Monday, August 15, 2011

What is fair?

This blog post is in response to a comment I received about my reposting of "Tax the Rich!", from the March 11, 2011 edition of the Madison, Wisconsin newspaper, The Capital Times:

First of all, let's address what is not fair. It is not fair that Americans working full-time, minimum-wage jobs are living in poverty. The current federal minimum wage, unchanged since July of 2009, is $7.25 per hour. Figuring a forty-hour work week, that works out to $15,080 per year. The current poverty level for a family of four, as defined by the government, is $22,350 in annual income. In single-parent households, where the single parent works full time, or in households with children too young to attend school, where one parent must stay home to provide childcare while the other works full time, the shortfall is $7270, almost a third less than the annual poverty level income.

Obviously, there are families out there making these situations work somehow, and there are individuals working minimum-wage jobs who live with their parents or with roommates to make ends meet, which leads us to one of the biggest problems of the working poor: housing. According to the U.S. Census Bureau, "In 2007, the median monthly housing cost (rent, utilities, and garbage and trash collection) for renter occupied homes was $755." This is 40.54 percent of the annual poverty level income and leaves just $1107.50 per month for all other expenses.

Remember, we are working with gross income figures here, not after-tax figures. It has become popular in conservative politics to point out that about fifty percent of Americans paid no taxes at all last year. This incomplete truth elicits indignation from those who imagine that others are not paying their fair share, but the whole truth is that many of those fifty percent do not make enough money to even qualify to pay income taxes. They may have taxes deducted from their paychecks, but they'll get the money back when they file their 1040EZ forms with the IRS.

Some believe the current progressive income tax system is unfair and that it should be replaced with a flat tax of anywhere from a 10 percent "tithing" to as much as 35 percent. Imagine that your minimum-wage annual income was reduced by $2235 to $7822 for income taxes. Try reworking the housing and expense figures above with these flat-tax amounts subtracted. Now imagine trying to survive on what is left. Is it fair?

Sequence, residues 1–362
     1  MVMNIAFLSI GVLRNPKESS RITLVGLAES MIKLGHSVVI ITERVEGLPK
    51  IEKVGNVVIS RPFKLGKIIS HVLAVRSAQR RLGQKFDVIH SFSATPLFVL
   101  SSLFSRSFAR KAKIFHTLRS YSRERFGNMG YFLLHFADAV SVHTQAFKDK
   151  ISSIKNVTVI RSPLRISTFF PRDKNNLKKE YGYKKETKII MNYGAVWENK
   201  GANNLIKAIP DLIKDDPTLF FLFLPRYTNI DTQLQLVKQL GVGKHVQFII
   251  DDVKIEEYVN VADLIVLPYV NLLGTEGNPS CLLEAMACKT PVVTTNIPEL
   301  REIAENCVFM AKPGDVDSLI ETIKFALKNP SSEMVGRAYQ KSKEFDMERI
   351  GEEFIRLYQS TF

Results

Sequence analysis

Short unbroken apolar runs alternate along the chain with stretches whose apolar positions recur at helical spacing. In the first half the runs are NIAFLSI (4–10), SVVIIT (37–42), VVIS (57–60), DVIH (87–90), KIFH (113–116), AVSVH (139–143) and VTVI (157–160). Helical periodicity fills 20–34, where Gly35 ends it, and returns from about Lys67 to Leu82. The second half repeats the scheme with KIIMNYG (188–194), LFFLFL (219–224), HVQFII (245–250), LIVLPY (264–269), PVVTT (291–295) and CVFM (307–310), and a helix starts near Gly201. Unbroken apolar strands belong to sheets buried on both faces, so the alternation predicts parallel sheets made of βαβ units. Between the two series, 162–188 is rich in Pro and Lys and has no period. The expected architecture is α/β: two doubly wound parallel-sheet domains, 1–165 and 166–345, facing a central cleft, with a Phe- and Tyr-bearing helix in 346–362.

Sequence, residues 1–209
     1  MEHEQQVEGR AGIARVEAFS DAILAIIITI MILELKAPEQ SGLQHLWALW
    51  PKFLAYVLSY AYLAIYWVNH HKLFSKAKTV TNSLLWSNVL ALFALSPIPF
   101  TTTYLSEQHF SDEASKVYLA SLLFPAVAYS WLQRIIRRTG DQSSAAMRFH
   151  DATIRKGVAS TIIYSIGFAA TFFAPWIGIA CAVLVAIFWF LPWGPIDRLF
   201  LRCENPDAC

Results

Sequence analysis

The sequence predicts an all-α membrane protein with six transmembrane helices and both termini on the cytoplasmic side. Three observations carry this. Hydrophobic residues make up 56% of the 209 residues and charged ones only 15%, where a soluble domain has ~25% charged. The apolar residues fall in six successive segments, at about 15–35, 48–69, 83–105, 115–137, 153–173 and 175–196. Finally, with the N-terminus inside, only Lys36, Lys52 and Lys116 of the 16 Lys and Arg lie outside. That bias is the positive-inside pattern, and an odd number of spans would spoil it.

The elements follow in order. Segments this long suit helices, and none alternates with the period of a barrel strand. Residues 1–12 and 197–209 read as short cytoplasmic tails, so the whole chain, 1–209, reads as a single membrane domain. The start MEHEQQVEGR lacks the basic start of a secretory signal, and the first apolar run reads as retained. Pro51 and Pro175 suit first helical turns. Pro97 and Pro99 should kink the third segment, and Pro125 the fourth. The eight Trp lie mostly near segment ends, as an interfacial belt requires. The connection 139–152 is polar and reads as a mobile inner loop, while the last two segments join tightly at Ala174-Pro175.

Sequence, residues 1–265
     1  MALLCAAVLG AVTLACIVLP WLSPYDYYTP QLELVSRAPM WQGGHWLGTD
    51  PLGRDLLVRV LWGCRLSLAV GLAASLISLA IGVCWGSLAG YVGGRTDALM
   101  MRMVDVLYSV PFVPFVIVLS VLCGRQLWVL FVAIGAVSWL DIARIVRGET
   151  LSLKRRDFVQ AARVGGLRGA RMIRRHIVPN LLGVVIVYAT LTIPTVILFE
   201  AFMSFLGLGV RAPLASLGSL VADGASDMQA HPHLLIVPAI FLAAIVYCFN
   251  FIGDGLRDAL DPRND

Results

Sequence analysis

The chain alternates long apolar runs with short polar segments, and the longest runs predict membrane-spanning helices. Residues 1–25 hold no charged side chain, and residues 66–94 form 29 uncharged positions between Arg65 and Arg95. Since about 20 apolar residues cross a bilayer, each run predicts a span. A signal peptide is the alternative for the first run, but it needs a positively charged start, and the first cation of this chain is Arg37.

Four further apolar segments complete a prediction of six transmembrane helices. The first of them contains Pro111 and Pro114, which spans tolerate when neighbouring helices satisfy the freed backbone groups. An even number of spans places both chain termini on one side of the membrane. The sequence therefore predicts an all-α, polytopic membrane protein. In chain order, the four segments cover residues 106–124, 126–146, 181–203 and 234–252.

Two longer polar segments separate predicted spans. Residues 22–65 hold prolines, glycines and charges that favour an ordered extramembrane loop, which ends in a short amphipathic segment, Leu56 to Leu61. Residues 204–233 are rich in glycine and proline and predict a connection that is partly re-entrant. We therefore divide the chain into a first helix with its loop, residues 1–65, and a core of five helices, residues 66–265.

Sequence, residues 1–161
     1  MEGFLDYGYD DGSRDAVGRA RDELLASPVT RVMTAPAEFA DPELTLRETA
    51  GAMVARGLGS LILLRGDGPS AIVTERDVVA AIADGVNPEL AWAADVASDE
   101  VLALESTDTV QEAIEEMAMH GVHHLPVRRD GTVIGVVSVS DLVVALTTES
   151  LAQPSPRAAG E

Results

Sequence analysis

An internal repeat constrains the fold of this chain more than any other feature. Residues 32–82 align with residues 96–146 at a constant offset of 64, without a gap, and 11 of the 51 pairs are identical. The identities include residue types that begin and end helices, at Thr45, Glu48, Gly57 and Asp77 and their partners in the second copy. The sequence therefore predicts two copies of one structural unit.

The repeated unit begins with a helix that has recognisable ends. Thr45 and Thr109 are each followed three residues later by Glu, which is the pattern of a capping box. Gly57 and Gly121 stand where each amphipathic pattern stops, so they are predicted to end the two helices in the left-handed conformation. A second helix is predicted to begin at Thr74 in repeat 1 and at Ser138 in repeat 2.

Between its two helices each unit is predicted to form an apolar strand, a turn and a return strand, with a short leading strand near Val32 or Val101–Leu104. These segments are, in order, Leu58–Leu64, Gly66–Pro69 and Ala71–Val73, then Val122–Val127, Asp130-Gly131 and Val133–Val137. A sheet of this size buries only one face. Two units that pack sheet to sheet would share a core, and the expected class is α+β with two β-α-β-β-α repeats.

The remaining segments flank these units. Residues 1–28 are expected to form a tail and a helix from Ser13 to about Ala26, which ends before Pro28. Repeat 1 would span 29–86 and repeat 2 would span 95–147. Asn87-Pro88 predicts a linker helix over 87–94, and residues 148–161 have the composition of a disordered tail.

Fairness depends on how you think about things. I know people who believe in their hearts that everyone gets what they deserve, that everyone is the sum of their life's decisions. My beliefs are not so black and white. People do not deserve to be poor any more than they deserve to be rich. Life simply works out better for some than for others. And some seem to have forgotten that we are all in this together.

What is fair? A living wage, for starters. The minimum wage needs to be raised to a level that allows all workers to meet their basic material needs, not to live with the fear that they are just an accident or a health crisis away from bankruptcy and homelessness. If this means that the prices of the goods produced by minimum-wage workers will go up, then so be it. I started working when the minimum wage was $3.25 per hour, $4.00 per hour less than it is now, and we have managed to absorb the difference. We'll do it again. And there's a side benefit: If the minimum wage is raised high enough, then the working poor can become tax payers, which benefits their self-esteem and our national budget.

The income tax system? It needs to be kept progressive, but the rates need to accelerate much more quickly than they do now, to at least the levels where they were before the Bush tax cuts, if not much more. "Trickle down" economics has not accomplished anything but to make the rich richer and the poor poorer. The rich do not spend their tax savings to benefit the broad consumer economy; they put them into investments that benefit only the few.

I have owned small businesses that employed as many as four people at a time. I know from experience that tax increases do not kill jobs. Lack of demand is what kills jobs. No customers, no need for employees. The reason our unemployment rate is stuck above nine percent is because a large percentage of the people have no money to spend. Benefiting the few at the expense of the many is selfish and short sighted. We know how to fix the economy. We just need to level the playing field, because we all deserve at least a chance at a decent life. That would be fair.

1 comment:

mthompson said...

Love to look at sailing blogs and enjoy yours. Have to comment that the min wage should be set at a level where people are willing to hire 15 and 16yr olds at that wage. I owned 5 ice cream shops in my 20s- the govt rose the min wage to 7.25. Most of my 100 employees made over min wage but many were around 6.50. The .75 cent increase cost me 70k a year and made my businesses unviable for sale bc the net went down by over half. Don't mess with entry level employees being able to get work and I don't know anyone that's above 18 and applies themselves that can't get a job well above min wage.